|Title:||Charles Henry Appleton Dall Papers|
|Creator:||Dall, Charles Henry Appleton|
|Repository:||ECU Manuscript Collection|
|Abstract:||Papers (1872-1874, 1879, 1885) including correspondence, clippings, letters, crates de visite of Dall, and miscellaneous.|
|Extent:||0.11 Cubic feet, 38 items , consisting of correspondence, clippings, and a cartes de visite of Dall.|
November 20, 1997, 38 items; Papers (1872-1874) of Unitarian Church missionary to India, including correspondence, clippings, and a cartes de visite of Dall. Courtesy of Elizabeth Price Crockford Missionary and Church History Endowment Fund.
Literary rights to specific documents are retained by the authors or their descendants in accordance with U.S. copyright law.
Charles Henry Appleton Dall Papers (#751), East Carolina Manuscript Collection, J. Y. Joyner Library, East Carolina University, Greenville, North Carolina, USA.
Encoded by Apex Data Services
Charles Henry Appleton Dall (February 12, 1816 - July 18, 1886) was the first American foreign missionary in the Unitarian Church. He graduated from Harvard in 1837 and from Harvard Divinity School in 1840. Before his arrival in India, he had served several Unitarian churches in America as both an evangelist and a pastor. In September, 1844, he married the former Caroline Healey Wells, who later became a prolific feminist polemicist. A son and a daughter resulted from this marriage. His son, William Healey Dall, became a noted conchologist.
Dall arrived in India in 1855 and rarely returned home between his arrival and his 1886 death in Calcutta.
Most of the correspondence was with the Reverend George L. Chaney, pastor of Hollis Street Unitarian Church in Boston. Many of the letters discuss the challenges of reaching Indians with the Unitarian message. Dall's activity in India included the operation of schools for disadvantaged children in which they would learn the English language and useful trades, the writing of pamphlets to spread the Unitarian message, and lecturing to those who would hear him.
Dall wrote more than one hundred pamphlets during his career. A clipping containing excerpts from one of Dall's most important lectures, "The Theist's Creed," appears in the collection.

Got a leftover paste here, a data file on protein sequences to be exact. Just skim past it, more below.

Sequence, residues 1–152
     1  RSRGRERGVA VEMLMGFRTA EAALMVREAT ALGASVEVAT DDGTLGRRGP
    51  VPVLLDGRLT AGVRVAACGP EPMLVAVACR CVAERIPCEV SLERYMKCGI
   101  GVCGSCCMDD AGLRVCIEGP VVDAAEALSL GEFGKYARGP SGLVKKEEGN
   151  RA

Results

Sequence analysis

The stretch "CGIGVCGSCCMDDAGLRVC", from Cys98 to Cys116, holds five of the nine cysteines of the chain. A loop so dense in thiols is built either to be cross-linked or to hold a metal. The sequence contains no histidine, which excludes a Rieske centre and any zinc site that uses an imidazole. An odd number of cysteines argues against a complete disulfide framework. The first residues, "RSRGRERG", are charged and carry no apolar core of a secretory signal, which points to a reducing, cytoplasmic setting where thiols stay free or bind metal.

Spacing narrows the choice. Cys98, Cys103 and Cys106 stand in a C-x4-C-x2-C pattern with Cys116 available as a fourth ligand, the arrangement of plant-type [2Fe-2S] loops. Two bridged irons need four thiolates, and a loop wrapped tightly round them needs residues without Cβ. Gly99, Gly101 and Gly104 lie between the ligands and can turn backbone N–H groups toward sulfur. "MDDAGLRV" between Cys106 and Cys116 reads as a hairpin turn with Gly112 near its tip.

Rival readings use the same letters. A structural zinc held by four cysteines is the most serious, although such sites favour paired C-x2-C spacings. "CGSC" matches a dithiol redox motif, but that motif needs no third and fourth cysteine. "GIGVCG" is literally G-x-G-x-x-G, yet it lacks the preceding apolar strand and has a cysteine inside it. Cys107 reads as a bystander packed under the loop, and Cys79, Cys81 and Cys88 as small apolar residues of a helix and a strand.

The letters in the collection reflect the theological clashes of Unitarianism with Hindu pantheism. Dall centered his missionary strategy on the Brahmas (Hindus who had developed their theology into a monotheistic form of Hinduism), because he thought they would be the most receptive to the Unitarian message. His letters reveal that Dallwelcomed and took fellowship with any person who was a "theist," whether his theology was derived from a Muslim or Christian background. Also reflected in the letters was his missionary strategy of education in targeting disadvantaged groups in India and offering them an English-based education that was designed to prepare them to accept the theistic message.
Comments in one letter (July 6, 1872) concern the psychological framework of the typical Hindu of high caste. Other letters of interest describe Dall's missionary objectives and strategies and rationalize the presence of the domestic servants around him (August 5, 1872 [?]); Dall's limited financial compensation and his frugal lifestyle (September 27, 1872); and the educational challenges and propensities of "street rovers" (girls who were born out of wedlock) and Indian youths who pursued medical education and the high expenses involved with that (March 13, 1873). Additional letters discuss the building of a cemetery wall and the administration of a self-originating Indian Unitarian church at Secuderabach (April 20, 1873); the differences between the treatment of Indians by Muslims and the English, and the careers of William Roberts, the founder of India's first Unitarian Indian chapel, and his sons William Roberts, Jr., and Joseph Roberts (April 25, 1873); and the success of converting Brahmas (seekers of one God) to Unitarianism (undated).
The collection also contains a cartes de visite of Dall. Clippings in the collection, largely from the Indian Mirror, contain excerpts and transcripts of various lectures and speeches given by Dall, opinions of people who had interests in the development of India, letters to periodical editors written by Dall, and published occurrences at missionary association meetings.
Online access to this finding aid is supported with funds created through the federal Library Services and Technology Act (LSTA). These funds come through a grant from the Institute of Museum and Library Services which is administered by the State Library of North Carolina, a division of the North Carolina Department of Cultural Resources. This grant is part of the North Carolina ECHO, Exploring Cultural Heritage Online, Digitization Grant Program.